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LOSTATSEA.NET > FEATURES >

January 17, 2008
Rating: 6.5/10 (combined)

Some of the high and lowlights of the Discovery Channel's and its affiliates' programming are science programs disguised as reality shows or disaster flicks. In the former category, the unparalleled Mythbusters definitely rules the coop. In the latter, a plethora of end-of-the-world scenarios have been explored to various degrees. Take for instance Discovery sibling The History Channel's Life After People, on its way to the small screen in a few weeks which, judging from the billboards plastered around Los Angeles, looks pretty damn fascinating. To a degree less fascinating and recently released on DVD are two programs that should appeal to fans of apocalyptic-themed entertainment and Cold Case-style crime shows: Super Comet: After the Impact and Secrets of Egypt's Lost Queen.

Could humans suffer the same fate as the dinosaurs?

Super Comet poses the question as to what would happen if a large comet collided with the Earth. Don't kid yourself; this is more disaster TV-movie than scientific study. But, considering that such an apocalyptic event is largely believed to be what wiped dinosaurs from the face of the planet, it's a pretty interesting topic to explore. The problem with the Discovery Channel's "documentary" is that its just not done very well here. The film follows several characters around the world as they prepare for and deal with the comet's impact, including a young man searching for his family in Yucatan, Mexico (near the comet's impact), a family in Paris, and two scientists in Hawaii. A plethora of bad actors portray these characters trying to survive the ash, tsunamis, heat, fire, and eventual ice age that plummet much of the Earth into a catastrophic living hell. Intermingled with the film's C-list actors are what I presume are real-life scientists playing, well, real-life scientists. One of them in particular has an eye twitch that makes him an especially enticing character. While some of the special effects are done well, you are left wishing this was more Time of the Wolf and less Armageddon.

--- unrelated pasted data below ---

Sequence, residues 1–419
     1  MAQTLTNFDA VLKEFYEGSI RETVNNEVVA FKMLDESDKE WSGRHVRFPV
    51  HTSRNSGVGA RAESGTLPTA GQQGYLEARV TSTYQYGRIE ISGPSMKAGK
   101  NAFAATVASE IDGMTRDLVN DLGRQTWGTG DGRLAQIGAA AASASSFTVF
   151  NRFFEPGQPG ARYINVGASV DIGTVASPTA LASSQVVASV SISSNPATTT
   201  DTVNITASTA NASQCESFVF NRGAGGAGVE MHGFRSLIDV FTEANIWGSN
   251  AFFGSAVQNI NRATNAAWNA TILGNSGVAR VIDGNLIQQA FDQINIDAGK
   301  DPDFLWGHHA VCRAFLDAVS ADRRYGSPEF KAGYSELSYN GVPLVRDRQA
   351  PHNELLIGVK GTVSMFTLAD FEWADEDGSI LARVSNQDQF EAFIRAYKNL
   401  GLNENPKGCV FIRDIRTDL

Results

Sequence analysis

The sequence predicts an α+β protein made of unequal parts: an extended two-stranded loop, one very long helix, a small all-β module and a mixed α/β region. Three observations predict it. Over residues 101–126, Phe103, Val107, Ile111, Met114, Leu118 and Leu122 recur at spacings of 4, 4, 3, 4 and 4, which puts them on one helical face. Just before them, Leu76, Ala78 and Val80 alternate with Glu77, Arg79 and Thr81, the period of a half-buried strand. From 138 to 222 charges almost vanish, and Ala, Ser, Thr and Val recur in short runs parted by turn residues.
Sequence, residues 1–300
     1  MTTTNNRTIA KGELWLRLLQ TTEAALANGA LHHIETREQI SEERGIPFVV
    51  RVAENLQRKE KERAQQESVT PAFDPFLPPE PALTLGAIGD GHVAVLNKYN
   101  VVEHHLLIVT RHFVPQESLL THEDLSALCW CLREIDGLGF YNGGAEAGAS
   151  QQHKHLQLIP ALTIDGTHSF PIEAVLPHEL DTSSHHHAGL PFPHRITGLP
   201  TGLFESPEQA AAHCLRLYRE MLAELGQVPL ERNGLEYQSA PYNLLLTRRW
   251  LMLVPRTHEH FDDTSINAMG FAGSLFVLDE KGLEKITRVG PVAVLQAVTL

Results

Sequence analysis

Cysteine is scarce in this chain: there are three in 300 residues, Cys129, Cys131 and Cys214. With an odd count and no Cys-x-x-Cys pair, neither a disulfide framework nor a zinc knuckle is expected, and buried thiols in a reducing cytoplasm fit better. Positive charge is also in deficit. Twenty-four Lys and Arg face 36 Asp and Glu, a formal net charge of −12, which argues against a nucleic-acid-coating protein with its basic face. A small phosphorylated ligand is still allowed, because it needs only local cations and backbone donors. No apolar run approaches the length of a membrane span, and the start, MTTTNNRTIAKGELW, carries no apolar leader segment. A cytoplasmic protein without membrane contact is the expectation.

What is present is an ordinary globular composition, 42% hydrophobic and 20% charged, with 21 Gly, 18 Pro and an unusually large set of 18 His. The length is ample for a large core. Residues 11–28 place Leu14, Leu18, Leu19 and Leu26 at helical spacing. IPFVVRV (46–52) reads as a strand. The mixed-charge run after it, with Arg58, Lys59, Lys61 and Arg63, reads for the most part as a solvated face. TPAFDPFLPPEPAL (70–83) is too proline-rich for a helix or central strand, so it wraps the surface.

The "anonymous remains" of Queen Hatshepsut.

Of the two films, Lost Queen is far superior. As I already mentioned, this is a prime-time TV drama-style affair, focusing on "ancient Egypt's greatest unsolved mystery," the missing Queen Hatshepsut. As the story goes, Hatshepsut was one of the most powerful pharaohs of Egypt, far more formidable than the better known queens Cleopatra or Nefertit, but died a mysterious death. Adding to the intrigue, almost every sign of Hatshepsut's existence methodically erased over time. In an attempt to unravel this ancient mystery, a charismatic Egyptian archaeologist, who appears to be lifted straight from the Indiana Jones franchise, is joined by an international team to locate and identify Hatshepsut's mummy. The film employs occasional flashback recreations to tell her backstory, which turns out to have been rife with more drama than a Mexican soap opera. While the computer-generated montages and flashback sequences serve to spice things up for those viewers less scientifically inclined, Lost Queen's producers do a good job of sticking with the researchers and their quest to unravel the mystery, which takes them both deep inside the ancient tombs and on the sandy surface of Egypt's storied Valley of the Kings with a massive CAT-scan machine.

So why not make science entertaining? There's nothing wrong with a little glitz and gloss to convey technical concepts in lay terms, so long as such icing is applied by filmmakers with talent to do the job right. After all, this is television, not a classroom, and no one's going to sit through a 90-minute lecture on his or her screen. As to whether specials like these are inspired by or inspiring Hollywood's coffers, that remains to be seen.

SEE ALSO: dsc.discovery.com

--
Jonah Flicker
Jonah Flicker writes, lives, drinks, eats, and consumes music in New York, via Los Angeles. He once received a fortune in a fortune cookie that stated the following: "Soon, a visitor shall delight you." He's still waiting.

See other articles by Jonah Flicker.

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